In a few words, this is an obligatory movie for all those interested in animation and science fiction.
It's very good. But take into account that this is no Disney movie, and I’m talking about the old hand drawn classics. There are no delicate lines, detailed forms and vivid colors enhanced by high definition. The animation is a little rough, and there are almost no reds, oranges or any other kind of bright colors, so the look of the movie is rather opaque. Nonetheless, it's elegant and original. And that’s the way the movie was made, so it has to be appreciated as it is.
Of course, those familiar with the DVD will find the Blu Ray experience more rewarding, since in truth the movie looks better than ever.
The original French audio is pretty clear, and through it you can hear very well not only the dialogues but the music, which is one of the highest points in this work (so much so that the soundtrack alone is included as a bonus in the BD).
I for one, don’t like the dubbed tracks. But I must acknowledge that the alternative english track, although of lesser sound quality, is very adequate and even more “animated” if you pardon the word (as I said, some may find the french dialogues a little stiff; the english one is more natural –but some would say, that’s against the intended style of the movie).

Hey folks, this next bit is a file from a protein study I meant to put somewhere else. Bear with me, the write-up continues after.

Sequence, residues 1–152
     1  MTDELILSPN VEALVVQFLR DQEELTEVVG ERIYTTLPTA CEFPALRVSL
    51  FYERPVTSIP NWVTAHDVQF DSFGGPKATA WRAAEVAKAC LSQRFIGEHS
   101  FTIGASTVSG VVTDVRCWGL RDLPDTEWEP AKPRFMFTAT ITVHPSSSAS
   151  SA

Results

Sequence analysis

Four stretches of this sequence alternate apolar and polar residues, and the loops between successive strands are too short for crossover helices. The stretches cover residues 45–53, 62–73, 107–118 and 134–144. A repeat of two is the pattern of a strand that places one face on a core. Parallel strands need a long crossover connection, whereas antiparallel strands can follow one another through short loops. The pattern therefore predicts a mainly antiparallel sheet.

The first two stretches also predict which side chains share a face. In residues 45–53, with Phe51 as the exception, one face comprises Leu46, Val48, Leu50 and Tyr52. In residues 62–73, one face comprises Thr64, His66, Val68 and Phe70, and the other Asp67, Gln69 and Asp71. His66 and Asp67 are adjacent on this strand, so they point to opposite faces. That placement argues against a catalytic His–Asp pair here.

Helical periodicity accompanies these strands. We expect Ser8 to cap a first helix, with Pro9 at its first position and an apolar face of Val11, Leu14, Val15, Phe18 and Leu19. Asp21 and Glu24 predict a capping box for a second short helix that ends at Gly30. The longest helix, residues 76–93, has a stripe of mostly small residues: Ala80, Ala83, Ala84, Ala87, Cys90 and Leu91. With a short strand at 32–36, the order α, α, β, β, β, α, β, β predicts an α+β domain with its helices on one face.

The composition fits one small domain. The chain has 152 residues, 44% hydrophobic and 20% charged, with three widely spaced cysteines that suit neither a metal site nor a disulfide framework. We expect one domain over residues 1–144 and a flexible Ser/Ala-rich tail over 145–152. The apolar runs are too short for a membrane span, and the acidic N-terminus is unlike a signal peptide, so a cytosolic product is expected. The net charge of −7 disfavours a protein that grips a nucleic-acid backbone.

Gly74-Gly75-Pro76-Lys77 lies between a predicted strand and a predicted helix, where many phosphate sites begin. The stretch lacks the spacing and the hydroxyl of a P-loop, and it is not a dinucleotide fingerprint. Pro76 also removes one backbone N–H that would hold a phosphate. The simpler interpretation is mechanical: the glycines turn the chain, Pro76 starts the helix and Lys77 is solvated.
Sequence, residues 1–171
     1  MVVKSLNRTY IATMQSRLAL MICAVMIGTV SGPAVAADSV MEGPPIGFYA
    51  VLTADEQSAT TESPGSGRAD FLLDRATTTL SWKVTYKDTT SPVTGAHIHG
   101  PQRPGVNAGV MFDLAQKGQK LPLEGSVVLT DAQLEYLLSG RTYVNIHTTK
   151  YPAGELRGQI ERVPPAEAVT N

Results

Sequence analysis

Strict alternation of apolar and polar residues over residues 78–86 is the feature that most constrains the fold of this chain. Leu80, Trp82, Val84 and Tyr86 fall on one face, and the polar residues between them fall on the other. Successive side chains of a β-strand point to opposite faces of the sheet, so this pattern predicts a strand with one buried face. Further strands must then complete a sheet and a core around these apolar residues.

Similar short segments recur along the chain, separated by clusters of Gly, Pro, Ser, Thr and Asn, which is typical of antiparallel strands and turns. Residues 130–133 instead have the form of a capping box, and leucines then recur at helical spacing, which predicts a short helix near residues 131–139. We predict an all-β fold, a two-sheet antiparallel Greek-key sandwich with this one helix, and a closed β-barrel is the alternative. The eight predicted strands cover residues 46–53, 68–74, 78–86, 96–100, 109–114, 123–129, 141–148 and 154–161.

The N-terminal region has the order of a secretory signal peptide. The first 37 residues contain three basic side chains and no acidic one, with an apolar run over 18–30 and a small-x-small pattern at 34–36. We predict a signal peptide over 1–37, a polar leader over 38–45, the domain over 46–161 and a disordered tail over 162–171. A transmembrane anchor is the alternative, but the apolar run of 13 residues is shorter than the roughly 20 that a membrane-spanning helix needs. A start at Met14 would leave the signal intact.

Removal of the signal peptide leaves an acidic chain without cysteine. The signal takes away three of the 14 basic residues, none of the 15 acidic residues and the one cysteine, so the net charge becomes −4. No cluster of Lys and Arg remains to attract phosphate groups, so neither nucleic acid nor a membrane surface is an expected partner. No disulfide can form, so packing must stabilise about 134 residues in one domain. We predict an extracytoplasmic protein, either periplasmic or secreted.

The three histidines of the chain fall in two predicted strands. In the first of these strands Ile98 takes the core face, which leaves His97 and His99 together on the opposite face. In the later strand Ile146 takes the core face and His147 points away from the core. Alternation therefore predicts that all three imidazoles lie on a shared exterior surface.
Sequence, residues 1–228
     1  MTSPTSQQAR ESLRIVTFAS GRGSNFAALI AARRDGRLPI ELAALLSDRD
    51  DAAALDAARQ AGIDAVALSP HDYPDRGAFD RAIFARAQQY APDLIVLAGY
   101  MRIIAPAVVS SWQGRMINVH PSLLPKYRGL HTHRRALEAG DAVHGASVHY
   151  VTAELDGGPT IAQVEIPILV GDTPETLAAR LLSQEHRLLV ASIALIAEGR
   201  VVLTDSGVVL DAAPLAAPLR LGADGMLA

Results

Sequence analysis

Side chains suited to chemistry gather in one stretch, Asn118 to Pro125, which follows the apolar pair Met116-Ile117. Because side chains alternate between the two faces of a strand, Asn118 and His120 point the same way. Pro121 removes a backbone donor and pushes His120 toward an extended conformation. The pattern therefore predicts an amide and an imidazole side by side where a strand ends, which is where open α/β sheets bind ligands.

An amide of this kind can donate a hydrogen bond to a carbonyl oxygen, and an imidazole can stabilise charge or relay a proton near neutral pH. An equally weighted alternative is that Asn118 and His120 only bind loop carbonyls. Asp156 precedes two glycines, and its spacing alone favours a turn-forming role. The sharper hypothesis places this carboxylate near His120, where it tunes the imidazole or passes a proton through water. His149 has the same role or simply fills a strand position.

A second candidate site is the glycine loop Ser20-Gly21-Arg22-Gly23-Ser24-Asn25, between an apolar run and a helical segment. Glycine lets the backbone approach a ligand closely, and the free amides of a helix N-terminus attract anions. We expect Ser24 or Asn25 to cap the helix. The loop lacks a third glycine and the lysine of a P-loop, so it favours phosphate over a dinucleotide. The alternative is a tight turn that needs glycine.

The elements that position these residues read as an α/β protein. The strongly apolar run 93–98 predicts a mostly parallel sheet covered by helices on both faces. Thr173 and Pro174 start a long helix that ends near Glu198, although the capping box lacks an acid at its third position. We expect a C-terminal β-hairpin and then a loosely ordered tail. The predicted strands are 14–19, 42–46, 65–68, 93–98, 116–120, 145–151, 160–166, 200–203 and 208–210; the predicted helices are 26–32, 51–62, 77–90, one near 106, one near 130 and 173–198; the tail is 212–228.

Please, remember that the disc is REGION B locked.
Benjamin Esposito, a retired criminal court employee, decides to write a novel. He draws on his own past as a civil servant for a true story in which he was once very directly involved. In 1974, his court was assigned an...
El secreto de sus ojos (The secret in their eyes) is the winner of the 2010 Oscar for Best Foreign Language Movie. A very well deserved award.
Benjamin Esposito (Ricardo Darin), an assistant in a criminal court, gets involved in the investigation of a murder case almost accidentally. For 25 years his personal and professional life will be affected by the case, with an intensity that rivals the victim’s husband own feelings and reactions. It specially leaves its mark on his relationship with his boss, Irene Menéndez (Soledad Villamil).
This is a great study of human nature, how passions can be ignited from unexpected places, and how the relentless and obsessive pursue of an objective and need for closure become unhealthy and an obstacle for what’s really important: the reality that life should go on.
Be aware that this is mainly a love story, not strictly a police thriller. It’s just that the criminal aspect of the story has equal importance in the narration.
This is a very well made movie, with production values up to Hollywood or European standards in all departments.